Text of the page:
(hahrt) 1. a hollow muscular organ that pumps the blood through the circulatory system by rhythmic contraction and dilation. 2. the central or innermost part of something.

Some experts argue the heart is the single most important organ in the body. It pumps blood and oxygen to the entire body. For that to happen, the blood must run freely throughout the entire circulatory system, gain new oxygen from the lungs and be pushed by the heart again.

A heart gives life to an entire person, but it must be willing to receive freshly oxygenated blood. If it will not accept refreshed blood, it cannot continue to give.

Denise Macon learned how the heart works when she ran out of options.

Macon kept giving of herself until she had nothing left. She grew up with an alcoholic mother. Sometimes her mother would become so intoxicated the police put her in an institution to run tests to determine her addiction. Every time her mother called, Macon was there to pick her up. Every time.

Macon raised her siblings while she was still a child herself. Occasionally, they were left alone for days.

She helped her friends and family as often as she could, providing practical help and sometimes money.

Later, she became a single mother. As such, she gave every day. Like any good mother, she wanted the best she could provide for her children and strove to provide that daily – no matter the long hours or drain on her energy. She loves her son and daughter deeply.

Ultimately, she could only give so much to provide for her family. After 15 years as a single mom, she was facing eviction and her first night with her children on the streets. She didn’t want to ask for help, but she had to.
“I knew about [the health and human services hotline] 211, so I called 211,” she said. “They gave me a list of places, so I started calling around. It was really difficult for me because I’ve been a single parent for 19 years. Asking for help, that’s just not what you do.”

Buckner Family Pathways in Amarillo, Texas was last on the list. Two days after calling, the Macons had a new home. And plenty of help.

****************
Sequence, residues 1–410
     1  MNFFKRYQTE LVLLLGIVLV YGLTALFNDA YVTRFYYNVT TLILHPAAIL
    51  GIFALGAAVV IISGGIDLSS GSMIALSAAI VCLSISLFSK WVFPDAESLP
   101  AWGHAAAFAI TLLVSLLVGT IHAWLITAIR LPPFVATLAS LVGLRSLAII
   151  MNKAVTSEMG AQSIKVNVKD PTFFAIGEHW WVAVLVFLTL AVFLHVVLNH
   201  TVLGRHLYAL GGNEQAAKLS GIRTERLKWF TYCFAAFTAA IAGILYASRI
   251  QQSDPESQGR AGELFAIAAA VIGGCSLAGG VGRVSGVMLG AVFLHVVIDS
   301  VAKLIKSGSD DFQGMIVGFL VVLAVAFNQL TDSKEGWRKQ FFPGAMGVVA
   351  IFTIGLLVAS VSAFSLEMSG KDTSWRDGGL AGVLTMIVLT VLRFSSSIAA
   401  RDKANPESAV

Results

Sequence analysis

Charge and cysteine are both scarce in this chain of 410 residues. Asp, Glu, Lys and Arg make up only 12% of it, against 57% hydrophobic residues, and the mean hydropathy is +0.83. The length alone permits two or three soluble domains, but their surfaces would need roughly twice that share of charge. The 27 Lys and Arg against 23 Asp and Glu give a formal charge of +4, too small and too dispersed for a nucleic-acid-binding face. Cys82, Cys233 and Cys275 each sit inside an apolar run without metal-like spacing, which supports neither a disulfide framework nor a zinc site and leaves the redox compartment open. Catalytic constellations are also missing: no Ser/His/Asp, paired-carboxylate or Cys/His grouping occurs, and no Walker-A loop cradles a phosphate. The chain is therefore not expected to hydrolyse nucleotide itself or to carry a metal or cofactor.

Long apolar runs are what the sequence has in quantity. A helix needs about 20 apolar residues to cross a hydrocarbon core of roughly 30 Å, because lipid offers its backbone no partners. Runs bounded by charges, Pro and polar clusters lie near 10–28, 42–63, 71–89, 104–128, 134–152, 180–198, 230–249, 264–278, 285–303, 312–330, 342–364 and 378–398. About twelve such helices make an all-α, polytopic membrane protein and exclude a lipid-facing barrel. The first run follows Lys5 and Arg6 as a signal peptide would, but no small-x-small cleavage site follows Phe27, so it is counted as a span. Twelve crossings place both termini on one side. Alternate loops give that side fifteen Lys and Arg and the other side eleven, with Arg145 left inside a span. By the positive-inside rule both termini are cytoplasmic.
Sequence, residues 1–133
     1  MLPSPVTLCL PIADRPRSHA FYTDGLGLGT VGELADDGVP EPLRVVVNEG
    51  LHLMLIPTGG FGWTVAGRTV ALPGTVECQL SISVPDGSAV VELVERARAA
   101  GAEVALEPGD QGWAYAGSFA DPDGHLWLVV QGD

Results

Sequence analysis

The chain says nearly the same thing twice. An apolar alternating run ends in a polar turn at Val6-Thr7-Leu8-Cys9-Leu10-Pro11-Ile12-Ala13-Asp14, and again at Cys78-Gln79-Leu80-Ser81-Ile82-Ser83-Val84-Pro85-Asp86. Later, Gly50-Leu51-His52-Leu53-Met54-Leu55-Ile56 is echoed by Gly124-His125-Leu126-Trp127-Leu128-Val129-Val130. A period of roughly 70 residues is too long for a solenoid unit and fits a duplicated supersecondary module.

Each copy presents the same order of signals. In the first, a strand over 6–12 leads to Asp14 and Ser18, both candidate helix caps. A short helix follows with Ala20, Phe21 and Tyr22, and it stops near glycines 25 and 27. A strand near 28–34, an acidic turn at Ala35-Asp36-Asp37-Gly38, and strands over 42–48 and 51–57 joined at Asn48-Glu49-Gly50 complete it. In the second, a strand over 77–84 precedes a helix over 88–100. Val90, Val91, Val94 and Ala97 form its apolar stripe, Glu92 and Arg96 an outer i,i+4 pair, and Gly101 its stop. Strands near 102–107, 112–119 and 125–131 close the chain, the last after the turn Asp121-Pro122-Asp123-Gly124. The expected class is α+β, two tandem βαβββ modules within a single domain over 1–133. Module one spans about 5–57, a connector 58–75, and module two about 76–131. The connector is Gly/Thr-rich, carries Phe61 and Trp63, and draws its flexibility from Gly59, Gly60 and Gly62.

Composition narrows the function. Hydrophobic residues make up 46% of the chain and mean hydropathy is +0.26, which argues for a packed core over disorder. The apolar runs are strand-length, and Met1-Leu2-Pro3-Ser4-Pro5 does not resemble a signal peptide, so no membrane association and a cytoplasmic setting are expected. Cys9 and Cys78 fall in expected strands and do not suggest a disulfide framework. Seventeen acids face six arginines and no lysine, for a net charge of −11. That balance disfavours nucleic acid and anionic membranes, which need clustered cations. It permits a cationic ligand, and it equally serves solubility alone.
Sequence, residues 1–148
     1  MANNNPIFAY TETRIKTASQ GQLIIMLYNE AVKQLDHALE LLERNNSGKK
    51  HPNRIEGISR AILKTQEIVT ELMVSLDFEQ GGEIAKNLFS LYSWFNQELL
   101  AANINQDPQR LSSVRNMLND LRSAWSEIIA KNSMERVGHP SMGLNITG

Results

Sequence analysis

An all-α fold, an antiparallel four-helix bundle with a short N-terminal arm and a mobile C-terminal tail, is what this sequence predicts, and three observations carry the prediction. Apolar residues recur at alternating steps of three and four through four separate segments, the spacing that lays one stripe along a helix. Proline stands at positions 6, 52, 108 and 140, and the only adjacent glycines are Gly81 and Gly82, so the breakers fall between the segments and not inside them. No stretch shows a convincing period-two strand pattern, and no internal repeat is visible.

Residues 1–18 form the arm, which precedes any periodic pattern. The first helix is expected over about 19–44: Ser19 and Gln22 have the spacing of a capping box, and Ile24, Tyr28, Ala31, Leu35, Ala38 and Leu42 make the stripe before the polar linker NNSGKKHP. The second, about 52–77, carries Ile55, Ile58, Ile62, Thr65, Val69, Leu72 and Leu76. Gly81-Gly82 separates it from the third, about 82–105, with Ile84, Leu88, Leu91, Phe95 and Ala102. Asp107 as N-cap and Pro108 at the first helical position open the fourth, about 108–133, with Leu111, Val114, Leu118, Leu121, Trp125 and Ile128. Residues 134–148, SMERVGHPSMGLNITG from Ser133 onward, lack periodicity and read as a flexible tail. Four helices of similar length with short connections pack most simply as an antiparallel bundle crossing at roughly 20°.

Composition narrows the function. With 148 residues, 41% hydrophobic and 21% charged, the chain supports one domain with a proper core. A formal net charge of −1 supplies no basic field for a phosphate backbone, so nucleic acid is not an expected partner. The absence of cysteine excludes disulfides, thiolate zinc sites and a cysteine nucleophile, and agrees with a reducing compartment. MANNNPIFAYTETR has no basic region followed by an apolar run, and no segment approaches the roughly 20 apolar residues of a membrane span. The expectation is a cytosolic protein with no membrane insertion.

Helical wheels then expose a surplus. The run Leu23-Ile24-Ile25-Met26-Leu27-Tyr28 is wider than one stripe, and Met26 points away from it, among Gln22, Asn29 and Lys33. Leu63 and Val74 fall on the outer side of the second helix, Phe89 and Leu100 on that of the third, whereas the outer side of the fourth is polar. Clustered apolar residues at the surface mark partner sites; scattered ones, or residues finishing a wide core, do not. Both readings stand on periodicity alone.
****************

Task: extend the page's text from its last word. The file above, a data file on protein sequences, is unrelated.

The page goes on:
Family Pathways, a program designed to help single parents earn an education and gain valuable life skills while providing them and their children a safe living environment, is fueled by a community of women who support and help each other. That started with Family Pathways in Amarillo Director Susana Guevara, who encouraged Macon while holding her accountable for improving her life. It continued with Elizabeth Schiller, the first resident Macon met.

“I used to pray to God ‘I just want one good friend,’” Macon said. “Not anyone to use me. I was enabler. I would give to make them happy. But I honestly never could call anyone my friend. That’s all I want.”

Schiller isn’t just a friend. She’s Macon’s best friend. They’re so close they’re like sisters. Macon’s optimistic and gregarious personality balances out Schiller’s more serious, sarcastic tone. They care about each other and can be honest with one another. Sometimes painfully honest.

“Susana and Liz were probably the best thing that could have ever happened to me,” Macon said.

As part of the Family Pathways program, residents are required to participate in counseling sessions, which Macon quickly points out she hates. Like Guevara and Schiller, the counselor sees through the humor Macon uses to deflect hard topics and helps address issues. As a result, Macon is growing as a person.

“I’ve learned so much about myself. I’ve learned so much about other people. I’ve learned you don’t always have to do it by yourself,” she said. “Counseling taught me it’s OK to ask for help when you truly need help. There’s a difference between helping and enabling. I’m better than I was a year ago, but I’m still working on things.”

Part of that work includes accelerated nursing classes at Amarillo College, where she attends with her son, Christopher. He’s set to graduate in spring 2017. She’ll graduate that fall. They study together often, helping each other prepare for exams. Her daughter, Gabrielle, sometimes gets in the act as well, drilling mom with flash cards.

Macon is excited about what she’s studying and the possibilities of her future. She’s like an over-caffeinated barista when she starts talking about how the body works. Her mind races with questions and excitement. Some answers she already knows. Soon, she’ll know many more.

“Denise has come a long way,” Guevara said. “There were a lot of ups and downs. When she first came here, she felt like she had to put up a front. She felt she had to do everything right. She sought a lot of approval from other people. After counseling, she realized she’s not perfect and that’s OK. Buckner can help you. We’re here to pick you up.”

For the first time in her life, Macon feels like she’s part of community. Her heart is full. Many nights, children of the residents are running and playing on the playground in the middle of the campus. Moms watch each other’s children and help get them to school.

“She sees good in everybody,” Guevara said. “Living here, she’s made friendships with residents. Sometimes she’s been hurt by some of the residents who haven’t done so well. But she always sees the good in people.”

The group refreshes Macon. Being with them gives her energy. She’s a better mom and a better person because of it. Her family is safe, secure and prospering. The future is bright ahead.

“We are family,” Macon said. “We are ladies who when we first moved here, we didn’t know anyone else. We are trying to figure out who we are. All of us are out here for a reason. Susana is the mom. She brings everything together. At our meetings, she talks about community. That’s who we are. That’s what we’re supposed to be.”

 

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